Then it was slow and very hard going getting the wire free from the hillside going up to the cabin. Lots of trees and branches had fallen over the wire over the past thirteen years and the hillside is a thick tangle of vine maples, blackberries, and all sorts of other tough brush. It's also so steep that you can hardly stand on it, and the coil of wire I was accumulating got heavier and heavier as I made my way up the hill. But eventually, I freed up the entire length of wire and stored it in the crawlspace until I will use it to hook up the trailer.

The chipmunk, which I have named 'Charlie', since I can now identify him from the wound in his cheek, came by for peanuts when I was finishing up rolling up the wire. His cheek seems to be healing up nicely but I think it will leave a scar.

Next, I measured and inventoried all the pieces of roof paneling I have. The next project will be to fix the roof so I will have to figure out how much more roofing I will need to buy. Before I left for home, I called the PUD and instructed them to discontinue the service to my temporary pole. It's a good feeling to have closed that chapter in this project. I feel good about the new power service. I left for home at 2:30.

9/6-7/08 Paul Hendricks, Kim Miller, nine Boy Scouts, and I went up to the property for a two-day yearly troop planning session on Saturday and Sunday.

We took the troop bus and arrived about noon. The scouts were happy that they had a new staircase to use to carry their equipment up the hill to the cabin. I gave Kim a tour of the property since he hadn't seen it without a deep covering of snow. Bert and Ernie showed up and had a good time with the boys. The gray jays showed up too, but the dogs and the activity of the boys had them a little more shy than usual.

The boys all slept in the cabin, Paul and Kim slept on cots on the porch, and I slept in my trailer. The porch was configured into a kitchen the same as we had done in years past. The planning session was a success. Paul cooked excellent meals for us all.

I had bought an antique "misery whip" two man saw at a garage sale and I asked for advice on how and where to display it in the cabin. Paul and the boys told me how to do it. I hung it over the porch-side living room window. It looks great there.

Since I have had mice in the cabin and have not found out how they got in, and since I had a group of energetic boys up there, I made the offer of $50 to anyone who could find a mouse hole that would let mice into the cabin. One of the boys in particular took up the challenge and after a lot of searching, he found the hole. I gratefully gave him the $43 I had on me and promised to pay him the remaining $7 the next time I saw him.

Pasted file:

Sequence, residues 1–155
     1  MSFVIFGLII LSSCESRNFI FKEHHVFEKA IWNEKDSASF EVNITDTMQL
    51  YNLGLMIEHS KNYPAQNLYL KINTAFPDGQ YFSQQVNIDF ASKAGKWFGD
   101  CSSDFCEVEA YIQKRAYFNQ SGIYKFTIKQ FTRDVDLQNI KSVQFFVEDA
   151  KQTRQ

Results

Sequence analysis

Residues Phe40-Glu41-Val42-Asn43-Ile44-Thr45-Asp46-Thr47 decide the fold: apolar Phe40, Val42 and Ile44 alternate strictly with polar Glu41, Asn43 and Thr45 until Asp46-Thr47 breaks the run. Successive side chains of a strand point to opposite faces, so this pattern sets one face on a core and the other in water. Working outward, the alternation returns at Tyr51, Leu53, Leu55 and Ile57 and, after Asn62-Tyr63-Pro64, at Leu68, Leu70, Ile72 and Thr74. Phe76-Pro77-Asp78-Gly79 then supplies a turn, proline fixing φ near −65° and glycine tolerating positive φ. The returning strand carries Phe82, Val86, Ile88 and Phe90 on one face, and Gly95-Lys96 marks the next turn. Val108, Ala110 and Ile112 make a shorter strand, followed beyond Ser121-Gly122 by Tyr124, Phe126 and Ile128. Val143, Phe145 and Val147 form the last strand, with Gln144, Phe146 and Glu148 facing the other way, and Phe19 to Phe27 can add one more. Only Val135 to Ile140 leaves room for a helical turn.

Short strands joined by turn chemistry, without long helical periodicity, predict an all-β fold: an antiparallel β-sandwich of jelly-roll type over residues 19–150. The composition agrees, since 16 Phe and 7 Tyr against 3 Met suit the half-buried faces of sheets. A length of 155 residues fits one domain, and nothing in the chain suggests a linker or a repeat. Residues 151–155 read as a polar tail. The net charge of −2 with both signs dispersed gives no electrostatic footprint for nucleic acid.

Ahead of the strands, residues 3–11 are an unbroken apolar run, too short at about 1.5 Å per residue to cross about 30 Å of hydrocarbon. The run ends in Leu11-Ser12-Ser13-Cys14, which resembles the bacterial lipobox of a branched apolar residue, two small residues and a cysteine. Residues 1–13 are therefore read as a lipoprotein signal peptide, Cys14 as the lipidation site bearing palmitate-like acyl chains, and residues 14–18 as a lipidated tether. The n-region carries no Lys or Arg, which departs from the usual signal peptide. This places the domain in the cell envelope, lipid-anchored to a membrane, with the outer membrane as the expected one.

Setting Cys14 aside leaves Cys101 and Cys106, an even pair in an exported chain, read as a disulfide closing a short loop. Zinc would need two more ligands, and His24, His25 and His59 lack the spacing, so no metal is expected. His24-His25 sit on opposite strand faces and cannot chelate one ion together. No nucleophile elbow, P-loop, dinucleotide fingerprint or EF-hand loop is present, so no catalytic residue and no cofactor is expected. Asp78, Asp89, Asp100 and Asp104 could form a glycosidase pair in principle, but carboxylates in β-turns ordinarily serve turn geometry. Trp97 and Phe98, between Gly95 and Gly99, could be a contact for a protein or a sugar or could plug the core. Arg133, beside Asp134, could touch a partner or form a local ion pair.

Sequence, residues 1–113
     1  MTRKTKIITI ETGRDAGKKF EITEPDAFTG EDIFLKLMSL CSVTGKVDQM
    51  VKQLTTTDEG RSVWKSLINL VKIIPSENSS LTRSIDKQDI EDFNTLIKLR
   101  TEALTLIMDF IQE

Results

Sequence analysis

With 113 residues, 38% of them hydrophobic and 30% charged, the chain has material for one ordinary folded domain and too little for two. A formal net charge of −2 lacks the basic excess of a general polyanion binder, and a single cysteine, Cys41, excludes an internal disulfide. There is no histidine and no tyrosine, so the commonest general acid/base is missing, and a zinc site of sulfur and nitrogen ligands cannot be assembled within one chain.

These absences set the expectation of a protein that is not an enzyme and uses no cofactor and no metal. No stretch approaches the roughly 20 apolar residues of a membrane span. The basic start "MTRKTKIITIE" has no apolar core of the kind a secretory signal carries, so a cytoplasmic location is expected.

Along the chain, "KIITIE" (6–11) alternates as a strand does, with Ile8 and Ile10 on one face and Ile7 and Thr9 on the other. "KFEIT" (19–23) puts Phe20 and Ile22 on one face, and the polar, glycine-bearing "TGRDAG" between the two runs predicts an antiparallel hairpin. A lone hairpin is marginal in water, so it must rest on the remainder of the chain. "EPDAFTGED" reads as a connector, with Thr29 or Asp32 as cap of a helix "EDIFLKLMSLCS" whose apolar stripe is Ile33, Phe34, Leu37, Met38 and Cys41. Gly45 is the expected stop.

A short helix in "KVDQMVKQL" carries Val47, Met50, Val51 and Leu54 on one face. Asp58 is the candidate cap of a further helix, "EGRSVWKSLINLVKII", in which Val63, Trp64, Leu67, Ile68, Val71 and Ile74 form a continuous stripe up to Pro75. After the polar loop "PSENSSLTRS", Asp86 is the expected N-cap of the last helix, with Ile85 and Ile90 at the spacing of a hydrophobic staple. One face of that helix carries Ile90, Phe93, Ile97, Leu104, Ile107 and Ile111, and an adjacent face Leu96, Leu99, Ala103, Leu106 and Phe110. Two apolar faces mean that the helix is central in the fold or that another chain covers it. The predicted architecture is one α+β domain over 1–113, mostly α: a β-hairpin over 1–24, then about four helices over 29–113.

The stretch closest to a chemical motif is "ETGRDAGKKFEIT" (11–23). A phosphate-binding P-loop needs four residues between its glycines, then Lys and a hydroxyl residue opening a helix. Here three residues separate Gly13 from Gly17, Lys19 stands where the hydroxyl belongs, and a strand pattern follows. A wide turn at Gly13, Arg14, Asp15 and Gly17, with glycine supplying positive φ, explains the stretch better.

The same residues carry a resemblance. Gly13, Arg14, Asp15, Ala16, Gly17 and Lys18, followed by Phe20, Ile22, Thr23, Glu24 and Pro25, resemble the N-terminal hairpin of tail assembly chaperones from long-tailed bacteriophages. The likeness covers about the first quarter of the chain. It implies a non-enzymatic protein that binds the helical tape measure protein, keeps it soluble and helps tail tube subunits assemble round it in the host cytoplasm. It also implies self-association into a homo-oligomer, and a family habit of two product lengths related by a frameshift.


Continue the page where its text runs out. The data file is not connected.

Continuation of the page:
It turned out that I had inadvertently dislodged one of the triangular screens in the bird block where I had drilled down through the cap log at Grid A1 on 11/15/07. The screen was still in place, so it looked OK, but it was torn loose from the staples so it formed a flap that the mice could just push in from the outside and get in. Without help, it is no telling how long it would have taken me to find that hole. I had inspected those screens so many times that it wouldn't have occurred to me to check that all the staples were still holding tight. I was happy to once again declare victory over the rodents. I just hope it is a long time now before the next skirmish in our perpetual war.

Kim noticed some carpenter ants crawling on the Grid G purlin and pointed them out to me. I got an ant bait trap and screwed it to the purlin. We watched the ants get interested in the bait and then Ken noticed that there were more of them at the end of the purlin. I promptly got three more traps and screwed them at intervals along the purlin. All four traps attracted swarms of ants who, I suppose, took the bait back to their nest where it is supposed to kill the whole colony. We'll see.

Kim also told me that the frass on the tarps was not from carpenter ants but from powderpost beetles. I have had ant baits screwed to that log and I haven't seen a carpenter ant on that log for a long time, yet the frass beneath it accumulates in a matter of hours. I think Kim must be right. I'll have to look into how to deal with powderpost beetles.

On Sunday, there was no sign of ants on the purlin. I think the ant bait worked. The boys did some more of their planning, Paul did some more cooking, and we packed up our gear and left for home at about 1:00. The boys carried some logs up to the upper roadway for me. It was great to have the troop up there again and to put those new stairs to use.